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Weigh your risks before asking job applicants for W-2s or tax returns

June 1st, 2012  |  Lorene Park  |  25 Comments

When conducting background checks, many employers try to verify the prior salaries reported by applicants. This is particularly true for positions where salary is tied to performance (e.g., sales positions). Historically, salary could be readily verified by contacting former employers; however, companies these days are less willing to share such information due to legal concerns. In response, employers conducting background checks have turned to asking for a job candidate’s W-2 or tax return. There are several legal issues that should be considered before adopting this approach, however.

Asking applicants for a tax return or W-2 (which contains tax return information) is not illegal under federal law, but state law must also be considered. For example, it is unlawful in Rhode Island for an employer to require an applicant to provide a federal or state income tax return or related tax documents as a condition of being considered for employment (RI Gen Laws Sec. 28-6.9-1). According to Joy Waltemath, Portfolio Managing Editor at Wolters Kluwer Law & Business, employers should also be aware that the completed forms contain information that could cause legal problems depending on how it is used. For example, the forms include the individual’s Social Security number, which is subject to certain privacy protections under many state laws.

Employers must be cautious in requesting a tax return or W-2 and should at least ask the applicant to redact the Social Security number on requested forms. Waltemath identified other issues for employers to consider, including the following:

  • Tax forms include other information which might disclose that an applicant is in a class protected by federal or state discrimination laws such as nontaxable sick pay, adoption benefits, and dependent care credits.
  • Requesting tax information inconsistently and from only certain groups could run afoul of discrimination laws if the group is a protected class.
  • Tax forms may reveal that a person is unemployed, and in several states, it is unlawful for an employer to refuse to consider applicants based on employment status. There is currently no federal law prohibiting discrimination against the unemployed. However, the practice arguably has a disparate impact on minorities, older workers, and individuals with disabilities, who have higher unemployment rates.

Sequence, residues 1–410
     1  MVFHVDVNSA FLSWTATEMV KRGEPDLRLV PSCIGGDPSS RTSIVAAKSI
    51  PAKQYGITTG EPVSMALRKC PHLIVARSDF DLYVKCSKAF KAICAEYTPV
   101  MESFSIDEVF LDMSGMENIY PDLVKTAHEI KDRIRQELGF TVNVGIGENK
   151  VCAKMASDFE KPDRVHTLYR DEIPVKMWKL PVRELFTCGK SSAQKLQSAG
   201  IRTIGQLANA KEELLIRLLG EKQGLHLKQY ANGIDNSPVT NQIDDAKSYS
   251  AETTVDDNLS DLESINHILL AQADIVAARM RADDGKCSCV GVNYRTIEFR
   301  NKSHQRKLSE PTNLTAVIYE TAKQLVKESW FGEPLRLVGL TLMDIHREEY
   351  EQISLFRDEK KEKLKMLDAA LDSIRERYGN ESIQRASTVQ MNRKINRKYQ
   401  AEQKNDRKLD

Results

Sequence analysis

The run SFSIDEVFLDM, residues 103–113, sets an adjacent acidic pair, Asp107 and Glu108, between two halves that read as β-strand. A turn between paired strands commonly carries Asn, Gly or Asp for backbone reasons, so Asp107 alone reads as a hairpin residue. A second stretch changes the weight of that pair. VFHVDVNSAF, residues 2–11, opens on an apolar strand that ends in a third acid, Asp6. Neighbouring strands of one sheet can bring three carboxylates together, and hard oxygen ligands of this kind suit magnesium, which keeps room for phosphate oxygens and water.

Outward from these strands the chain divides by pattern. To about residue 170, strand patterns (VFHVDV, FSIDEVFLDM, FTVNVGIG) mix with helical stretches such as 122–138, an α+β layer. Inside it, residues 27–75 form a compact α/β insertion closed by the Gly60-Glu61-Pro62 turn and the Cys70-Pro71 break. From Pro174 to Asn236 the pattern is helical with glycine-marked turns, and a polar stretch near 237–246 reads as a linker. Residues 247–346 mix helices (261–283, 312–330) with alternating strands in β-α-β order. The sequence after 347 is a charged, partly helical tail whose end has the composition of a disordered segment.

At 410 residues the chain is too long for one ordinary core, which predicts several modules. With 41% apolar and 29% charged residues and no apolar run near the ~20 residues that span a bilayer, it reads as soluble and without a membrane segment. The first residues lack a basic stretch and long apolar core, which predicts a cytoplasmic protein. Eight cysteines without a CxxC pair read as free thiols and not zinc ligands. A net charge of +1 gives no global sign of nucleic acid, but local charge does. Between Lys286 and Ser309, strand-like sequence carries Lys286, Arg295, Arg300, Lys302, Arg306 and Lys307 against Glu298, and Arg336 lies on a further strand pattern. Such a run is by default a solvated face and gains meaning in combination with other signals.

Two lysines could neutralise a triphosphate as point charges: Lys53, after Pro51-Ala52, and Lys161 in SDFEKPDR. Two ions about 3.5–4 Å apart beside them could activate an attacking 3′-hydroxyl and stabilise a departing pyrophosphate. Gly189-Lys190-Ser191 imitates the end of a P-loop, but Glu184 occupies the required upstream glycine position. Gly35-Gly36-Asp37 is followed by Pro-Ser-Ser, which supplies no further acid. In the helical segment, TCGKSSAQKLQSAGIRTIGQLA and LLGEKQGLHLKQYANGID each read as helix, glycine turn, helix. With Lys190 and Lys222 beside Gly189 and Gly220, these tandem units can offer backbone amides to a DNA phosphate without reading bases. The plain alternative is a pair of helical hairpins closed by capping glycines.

• Applicants may feel that a request for a prior employer’s W-2 is overly intrusive, and some stronger candidates may be unwilling to continue the application process.

In addition to these issues, identity theft has become a major problem and employers seeking personally identifiable tax information should take measures to maintain its security. If, despite the risks, employers decide to request tax returns or W-2s from applicants, they should consider taking these actions:

  • Try other less intrusive means to get the salary information (e.g., contacting a former employer) before resorting to a request for tax documents.
  • Request the information uniformly (i.e., not only from certain individuals) and instruct applicants to redact Social Security numbers from the tax documents. It should go without saying that Social Security numbers should only be used for legitimate purposes such as verifying eligibility to work under immigration laws.
  • Enforce written procedures for handling the information requested, including the proper disposal of records.
  • Limit access to sensitive information to employees with a legitimate need to see it.
  • To the extent tax information is provided in electronic form, take special protective measures to reduce identity theft, such as keeping computer terminals locked, requiring login procedures and passwords, and prohibiting employees from leaving computers with sensitive data in areas vulnerable to theft, such as in vehicles. Comply with all security breach notification laws.

By following these measures, employers can alleviate some of the legal concerns raised above.

Responses

  1. Abe says:

    August 1st, 2012 at 7:24 pm

    I just had an employer ask me for the past three years tax returns during the selection process. They told me it was to verify that I was self-employed during these years. This happened AFTER thier 3rd party verification company performed a background check and verified me though the SOS web site.

    I told them HELL no, and good luck finding a sucker that will tolerate this. It is none of thier damn business, and all they really want to do is low-ball me on the job offer.

  2. lee says:

    October 4th, 2012 at 4:32 pm

    Never give it to them-Just another bully tactic “lazy and incompetent” HR twerps are using to bother people because they know it is a tight market.

  3. Colin says:

    May 27th, 2013 at 11:15 am

    Same here. A prospective employer has this as a requirement to proceed. I said that I’ve never had to in the past and see no reason why now. I already gave them two recent paystubs. It may not be against Federal law, but it puts highly personal legal information out there to “accidentally” get lost or stolen.

  4. D. C. says:

    June 26th, 2013 at 10:55 pm

    I was just offered a position with a great salary and am willing to walk away because the contract firm I’m supposedly working for is asking me for my state and fed taxes. I’ve never been asked for this before and if they don’t except that I’m not going to give it to them; then I’ll have to apologize to manager of the company who hired me and walk away. How far are we willing to go before every right we have will be stripped away from us…